As he was still establishing himself as a lockdown cornerback, Hall quickly became one of the most dangerous punt returners in the country. He averaged 16.4 yards per return, the fifth-best rate in the country. He also scored two touchdowns in the return game.
It’s worth mentioning that prior to that season, Hall registered the fastest 40-yard dash time in program history with a time of 4.15 seconds. With a number like that, it’s no wonder he was one of the most feared players with the ball in his hands that year.
Jim Druckenmiller, 1996
in his senior season at Tech, Druckenmiller capped off an illustrious career as the starting quarterback that included back-to-back Big East championships. The second of those titles came in this season, when he was named first-team all-conference.
He finished the year with 17 touchdowns and only five interceptions. In the Orange Bowl against eventual national champion Nebraska, he completed 16 of his 33 passing attempts for 214 yards and three touchdowns.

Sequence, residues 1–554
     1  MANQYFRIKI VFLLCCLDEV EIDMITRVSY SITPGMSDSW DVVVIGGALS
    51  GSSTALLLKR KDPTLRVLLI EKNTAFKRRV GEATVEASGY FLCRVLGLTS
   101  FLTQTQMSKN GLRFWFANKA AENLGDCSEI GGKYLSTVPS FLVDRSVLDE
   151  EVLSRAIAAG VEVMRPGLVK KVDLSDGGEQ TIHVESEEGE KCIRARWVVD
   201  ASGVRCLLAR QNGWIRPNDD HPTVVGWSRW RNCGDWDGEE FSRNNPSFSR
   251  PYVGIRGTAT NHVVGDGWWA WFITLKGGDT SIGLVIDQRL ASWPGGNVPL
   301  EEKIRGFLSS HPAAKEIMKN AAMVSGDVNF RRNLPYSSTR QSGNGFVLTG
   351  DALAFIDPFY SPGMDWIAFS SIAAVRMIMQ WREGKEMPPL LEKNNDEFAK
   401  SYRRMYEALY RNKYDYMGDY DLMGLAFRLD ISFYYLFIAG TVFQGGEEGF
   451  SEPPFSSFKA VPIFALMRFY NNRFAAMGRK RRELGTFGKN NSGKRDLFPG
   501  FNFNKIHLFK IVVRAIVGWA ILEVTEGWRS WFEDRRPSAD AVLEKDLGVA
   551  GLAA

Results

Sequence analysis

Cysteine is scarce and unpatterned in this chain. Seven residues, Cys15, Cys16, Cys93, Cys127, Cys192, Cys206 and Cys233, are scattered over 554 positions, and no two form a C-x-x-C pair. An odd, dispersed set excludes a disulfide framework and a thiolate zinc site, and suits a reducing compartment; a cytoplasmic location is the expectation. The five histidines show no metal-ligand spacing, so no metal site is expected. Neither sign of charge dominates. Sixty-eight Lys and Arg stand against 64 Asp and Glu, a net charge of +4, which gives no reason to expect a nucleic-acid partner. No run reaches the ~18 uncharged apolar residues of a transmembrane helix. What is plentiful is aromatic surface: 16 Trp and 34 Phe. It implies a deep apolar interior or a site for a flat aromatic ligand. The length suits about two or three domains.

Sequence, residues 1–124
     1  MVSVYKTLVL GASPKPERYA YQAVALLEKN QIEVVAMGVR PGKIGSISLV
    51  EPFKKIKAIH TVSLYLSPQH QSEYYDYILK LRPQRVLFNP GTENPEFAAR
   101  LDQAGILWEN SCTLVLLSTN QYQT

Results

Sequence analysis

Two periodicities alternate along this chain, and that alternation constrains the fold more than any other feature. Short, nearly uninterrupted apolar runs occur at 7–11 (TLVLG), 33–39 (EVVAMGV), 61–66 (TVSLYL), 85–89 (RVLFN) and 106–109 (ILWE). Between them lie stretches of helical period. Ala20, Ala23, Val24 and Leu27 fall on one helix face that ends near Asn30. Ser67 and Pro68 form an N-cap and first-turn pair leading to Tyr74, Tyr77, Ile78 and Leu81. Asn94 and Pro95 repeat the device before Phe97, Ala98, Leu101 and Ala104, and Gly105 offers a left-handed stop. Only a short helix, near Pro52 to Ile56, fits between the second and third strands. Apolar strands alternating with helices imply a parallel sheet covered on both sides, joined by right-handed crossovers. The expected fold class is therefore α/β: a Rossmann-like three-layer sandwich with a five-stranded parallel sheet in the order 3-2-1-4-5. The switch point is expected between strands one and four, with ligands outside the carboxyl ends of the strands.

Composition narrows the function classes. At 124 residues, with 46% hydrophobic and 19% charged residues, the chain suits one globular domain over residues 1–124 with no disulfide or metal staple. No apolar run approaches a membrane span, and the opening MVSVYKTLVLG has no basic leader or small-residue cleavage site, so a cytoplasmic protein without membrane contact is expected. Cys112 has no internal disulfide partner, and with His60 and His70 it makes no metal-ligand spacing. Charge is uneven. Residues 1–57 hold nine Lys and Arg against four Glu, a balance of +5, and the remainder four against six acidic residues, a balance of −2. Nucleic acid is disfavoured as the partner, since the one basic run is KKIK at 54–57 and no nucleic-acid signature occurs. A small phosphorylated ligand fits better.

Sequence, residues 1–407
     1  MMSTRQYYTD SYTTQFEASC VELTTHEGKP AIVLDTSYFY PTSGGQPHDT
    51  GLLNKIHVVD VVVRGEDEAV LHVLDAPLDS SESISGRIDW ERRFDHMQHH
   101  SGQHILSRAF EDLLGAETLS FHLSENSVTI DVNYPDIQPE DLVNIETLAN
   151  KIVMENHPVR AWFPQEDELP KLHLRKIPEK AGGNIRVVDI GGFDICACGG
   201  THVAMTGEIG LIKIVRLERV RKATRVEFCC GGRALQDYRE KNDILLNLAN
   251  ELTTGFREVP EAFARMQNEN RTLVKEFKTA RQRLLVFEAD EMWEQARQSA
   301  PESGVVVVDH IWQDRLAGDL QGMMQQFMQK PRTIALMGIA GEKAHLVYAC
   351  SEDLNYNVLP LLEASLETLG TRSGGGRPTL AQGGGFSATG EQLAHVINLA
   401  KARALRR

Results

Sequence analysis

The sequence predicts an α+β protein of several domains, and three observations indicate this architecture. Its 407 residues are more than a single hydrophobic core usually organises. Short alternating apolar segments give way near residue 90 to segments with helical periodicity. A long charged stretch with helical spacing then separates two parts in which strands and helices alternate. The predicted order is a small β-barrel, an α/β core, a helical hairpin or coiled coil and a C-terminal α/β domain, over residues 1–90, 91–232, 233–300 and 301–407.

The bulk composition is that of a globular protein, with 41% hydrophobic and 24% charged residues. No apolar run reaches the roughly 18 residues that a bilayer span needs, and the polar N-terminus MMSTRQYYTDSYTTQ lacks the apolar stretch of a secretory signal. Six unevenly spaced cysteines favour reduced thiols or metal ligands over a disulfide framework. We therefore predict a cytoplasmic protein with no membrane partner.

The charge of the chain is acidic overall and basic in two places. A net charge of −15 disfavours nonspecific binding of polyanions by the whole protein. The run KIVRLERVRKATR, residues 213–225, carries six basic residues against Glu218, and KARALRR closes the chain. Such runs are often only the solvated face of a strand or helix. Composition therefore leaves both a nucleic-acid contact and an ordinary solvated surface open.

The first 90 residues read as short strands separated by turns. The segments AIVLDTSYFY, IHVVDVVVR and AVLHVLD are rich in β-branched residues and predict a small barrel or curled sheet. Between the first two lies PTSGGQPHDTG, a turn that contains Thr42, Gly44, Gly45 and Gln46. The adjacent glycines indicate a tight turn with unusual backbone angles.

The best performance of his season, however, came against East Carolina when he completed 15 of 23 passes for 268 yards and three touchdowns in a nationally televised 35-14 win.
Kevin Jones, 2003
The man whose school record for yards Williams broke, Jones finished with 1,647 yards and 21 touchdowns in his junior season. The statistics are eerily similar to Williams’ in fact. He averaged 5.9 yards per carry and 126.7 yards per game.
Jones’ best game came against Texas A & M on a Thursday night, when Hurricane Isabel’s wrath had climbed across the Blue Ridge Mountains and ravaged the New River Valley. In a torrential downpour, Jones carried the ball 30 times for 188 yards and three touchdowns in a 35-19 win.
Until Thursday night, Jones’ season was the most productive in school history. Unfortunately for the Hokies, a late-season slide led to a disappointing 8-5 finish, including a 52-49 loss to California in the Insight Bowl.